In this assignment you are asked to write a program to break the code of an encoded message. Code breaking can be very complicated. Today’s computers can do much of the work but it still needs human skill to find the clues.

Many code-breakers begin by checking how often certain letters and words appear in a message. In English, for example, E, T, A and O are the commonest letters. TH, HE, AN and RE are common combinations. THE, OF, AND and TO are common words. You cannot write long messages without repeating some of these. The code-breaker can begin to guess the meanings by studying these repetitions. Before the computers were used, it could take weeks or months of intense study and mathematical calculation to crack the code.

In the encoded message you are asked to decipher, each letter of the alphabet was substituted for another letter and it was a one-to-one mapping. To find the cipher you could make use of the fact that some letters of the alphabet occur in any piece of text more often than the others.

You could start by writing a program to count the number of times each letter occurs in a text file, then use this program to find the percentage of the occurrences of each letter in the training text (any long enough piece of English text) relatively to the total number of the letters in the text. You could then do the same thing with the encoded message. You could then write a program to substitute the most frequent letter from the encoded message with the most frequent letter from your training text, and so on.

Possibly you will not get all the letters absolutely right, because some letters, which normally occur with more or less the same frequency could give different results in the training and the encoded messages. You will have to deal with that eventuality by applying your own logic and substituting the letters in the text using interactions with the computer. For example, if in the encoded message you have the word ‘mln’, and it got decoded as the word ‘tge’, which does not exist, it is possible that the correct decoded word is ‘the’. Therefore you should substitute ‘l’ for ‘h’ rather than for ‘g’ in the whole encoded message.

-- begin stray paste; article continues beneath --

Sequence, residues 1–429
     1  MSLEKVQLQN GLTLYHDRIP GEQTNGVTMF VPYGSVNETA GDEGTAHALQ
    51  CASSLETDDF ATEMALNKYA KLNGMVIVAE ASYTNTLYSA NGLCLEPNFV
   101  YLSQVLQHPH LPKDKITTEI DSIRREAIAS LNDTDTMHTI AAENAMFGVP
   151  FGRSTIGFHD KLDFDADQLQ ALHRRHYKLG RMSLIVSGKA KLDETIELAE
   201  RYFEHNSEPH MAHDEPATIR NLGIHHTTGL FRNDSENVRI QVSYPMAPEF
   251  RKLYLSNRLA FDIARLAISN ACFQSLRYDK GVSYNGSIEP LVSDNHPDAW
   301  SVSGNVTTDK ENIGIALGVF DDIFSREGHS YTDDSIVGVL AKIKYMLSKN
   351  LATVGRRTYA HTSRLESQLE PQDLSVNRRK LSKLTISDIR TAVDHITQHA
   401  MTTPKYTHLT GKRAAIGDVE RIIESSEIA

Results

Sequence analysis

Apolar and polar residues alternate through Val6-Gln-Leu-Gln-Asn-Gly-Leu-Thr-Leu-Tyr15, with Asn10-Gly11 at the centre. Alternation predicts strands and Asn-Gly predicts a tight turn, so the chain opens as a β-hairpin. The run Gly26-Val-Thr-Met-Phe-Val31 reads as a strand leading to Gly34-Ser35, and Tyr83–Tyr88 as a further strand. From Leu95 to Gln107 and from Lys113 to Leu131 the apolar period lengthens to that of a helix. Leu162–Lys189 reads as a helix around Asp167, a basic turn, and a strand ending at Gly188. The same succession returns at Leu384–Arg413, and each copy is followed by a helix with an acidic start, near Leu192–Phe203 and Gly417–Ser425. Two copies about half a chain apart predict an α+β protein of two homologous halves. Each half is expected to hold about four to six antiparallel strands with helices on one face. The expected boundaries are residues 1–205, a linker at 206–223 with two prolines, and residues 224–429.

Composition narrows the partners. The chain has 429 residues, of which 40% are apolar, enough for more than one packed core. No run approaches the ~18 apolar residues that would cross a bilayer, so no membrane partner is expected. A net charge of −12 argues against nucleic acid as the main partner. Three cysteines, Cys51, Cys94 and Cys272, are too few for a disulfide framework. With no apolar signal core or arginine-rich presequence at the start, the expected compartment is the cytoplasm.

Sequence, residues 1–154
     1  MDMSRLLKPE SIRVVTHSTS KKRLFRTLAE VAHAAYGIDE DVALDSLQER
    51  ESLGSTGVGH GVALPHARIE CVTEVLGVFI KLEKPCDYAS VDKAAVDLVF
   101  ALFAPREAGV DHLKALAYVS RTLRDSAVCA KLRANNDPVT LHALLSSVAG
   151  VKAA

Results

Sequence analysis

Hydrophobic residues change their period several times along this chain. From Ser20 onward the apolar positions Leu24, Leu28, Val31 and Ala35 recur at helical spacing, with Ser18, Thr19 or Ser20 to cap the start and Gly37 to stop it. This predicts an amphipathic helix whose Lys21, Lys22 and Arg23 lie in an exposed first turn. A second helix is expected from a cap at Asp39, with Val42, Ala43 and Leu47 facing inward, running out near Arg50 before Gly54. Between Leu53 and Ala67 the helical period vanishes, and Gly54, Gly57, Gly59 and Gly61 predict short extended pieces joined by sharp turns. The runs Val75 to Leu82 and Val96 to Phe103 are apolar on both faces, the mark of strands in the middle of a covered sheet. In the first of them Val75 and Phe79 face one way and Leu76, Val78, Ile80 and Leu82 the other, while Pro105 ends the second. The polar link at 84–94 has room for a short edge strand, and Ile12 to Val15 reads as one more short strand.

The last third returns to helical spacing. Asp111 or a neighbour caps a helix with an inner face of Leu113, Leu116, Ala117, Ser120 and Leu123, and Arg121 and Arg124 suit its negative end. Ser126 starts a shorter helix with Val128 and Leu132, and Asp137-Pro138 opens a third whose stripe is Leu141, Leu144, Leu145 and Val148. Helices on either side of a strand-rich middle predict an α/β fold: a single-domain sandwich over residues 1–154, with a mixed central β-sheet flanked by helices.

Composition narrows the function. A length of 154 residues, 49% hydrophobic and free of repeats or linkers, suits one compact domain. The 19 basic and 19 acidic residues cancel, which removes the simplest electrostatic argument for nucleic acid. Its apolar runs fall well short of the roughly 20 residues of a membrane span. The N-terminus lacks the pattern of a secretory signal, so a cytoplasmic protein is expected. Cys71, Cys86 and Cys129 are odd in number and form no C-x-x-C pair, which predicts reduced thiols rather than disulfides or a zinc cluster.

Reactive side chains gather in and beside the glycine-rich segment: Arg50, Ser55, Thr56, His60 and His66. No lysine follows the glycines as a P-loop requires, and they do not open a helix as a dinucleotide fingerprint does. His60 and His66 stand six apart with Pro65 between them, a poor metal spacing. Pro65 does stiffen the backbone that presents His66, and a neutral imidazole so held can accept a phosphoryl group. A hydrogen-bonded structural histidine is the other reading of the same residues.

Part A.

Develop two programs, one procedural and another object-oriented. Develop the procedural code first and the object-oriented code second. You can reuse suitable parts of the procedural program to create the object-oriented code. Make sure both programs generate the same results. Submit both programs. Both programs should operate as follows:

  • Read text from a file and store its content in any array of characters A.
  • Calculate the number and percentage of occurrences of each letter in A using two parallel arrays (B and C): one containing 26 alphabet letters and the other containing their corresponding percentage of occurrence.
  • Use a sorting algorithm (for example, bubble sort algorithm) to sort the above two parallel arrays in descending order of the percentage of occurrence.
  • Apply (b) and (c) to the training and the encoded texts. Store both sets of parallel arrays (for the training and the encoded texts) for further use.
  • Use the above two sets of sorted parallel arrays to find and display a one-to-one mapping of letters in the training and encoded texts.
  • Substitutes the letters in the encoded message for letters they represent
  • Save the decoded text stored in an array of characters to a file.
  • Be able to repeat (f), (g) and (h) as many times as the user wishes.

Implement a simple option menu to make your programs easier to use.

Test your programs. Provide sufficient evidence of testing.

Improve your programs. Consider special cases such as choosing an option that is not available in the menu, requesting the user interactively for a text file name and reading the data from that file, etc.

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